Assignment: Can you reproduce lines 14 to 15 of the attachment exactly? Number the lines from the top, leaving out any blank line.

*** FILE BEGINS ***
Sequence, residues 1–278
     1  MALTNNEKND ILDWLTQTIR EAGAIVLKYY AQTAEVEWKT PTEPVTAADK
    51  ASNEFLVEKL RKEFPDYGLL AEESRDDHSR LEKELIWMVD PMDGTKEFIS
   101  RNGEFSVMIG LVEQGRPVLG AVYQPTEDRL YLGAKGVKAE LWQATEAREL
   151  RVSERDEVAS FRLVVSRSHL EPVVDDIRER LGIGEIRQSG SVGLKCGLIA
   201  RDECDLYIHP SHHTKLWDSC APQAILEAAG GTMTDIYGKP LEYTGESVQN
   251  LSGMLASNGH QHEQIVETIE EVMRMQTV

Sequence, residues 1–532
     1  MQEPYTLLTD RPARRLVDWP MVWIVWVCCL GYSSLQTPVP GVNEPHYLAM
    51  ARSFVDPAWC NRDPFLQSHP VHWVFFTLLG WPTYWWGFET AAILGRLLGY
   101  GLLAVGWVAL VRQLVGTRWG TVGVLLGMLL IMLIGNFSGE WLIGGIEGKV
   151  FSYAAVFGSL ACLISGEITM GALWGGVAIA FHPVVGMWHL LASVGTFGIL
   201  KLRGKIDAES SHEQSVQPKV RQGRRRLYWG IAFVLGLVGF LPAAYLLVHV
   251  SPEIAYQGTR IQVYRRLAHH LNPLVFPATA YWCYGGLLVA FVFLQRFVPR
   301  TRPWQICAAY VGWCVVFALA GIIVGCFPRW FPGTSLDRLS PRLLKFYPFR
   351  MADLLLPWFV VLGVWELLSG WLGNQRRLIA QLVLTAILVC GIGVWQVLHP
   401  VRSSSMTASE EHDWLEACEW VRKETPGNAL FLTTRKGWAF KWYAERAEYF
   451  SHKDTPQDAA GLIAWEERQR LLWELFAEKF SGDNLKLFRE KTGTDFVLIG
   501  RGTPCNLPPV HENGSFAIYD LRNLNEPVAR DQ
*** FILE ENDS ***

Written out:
   251  SPEIAYQGTR IQVYRRLAHH LNPLVFPATA YWCYGGLLVA FVFLQRFVPR
   301  TRPWQICAAY VGWCVVFALA GIIVGCFPRW FPGTSLDRLS PRLLKFYPFR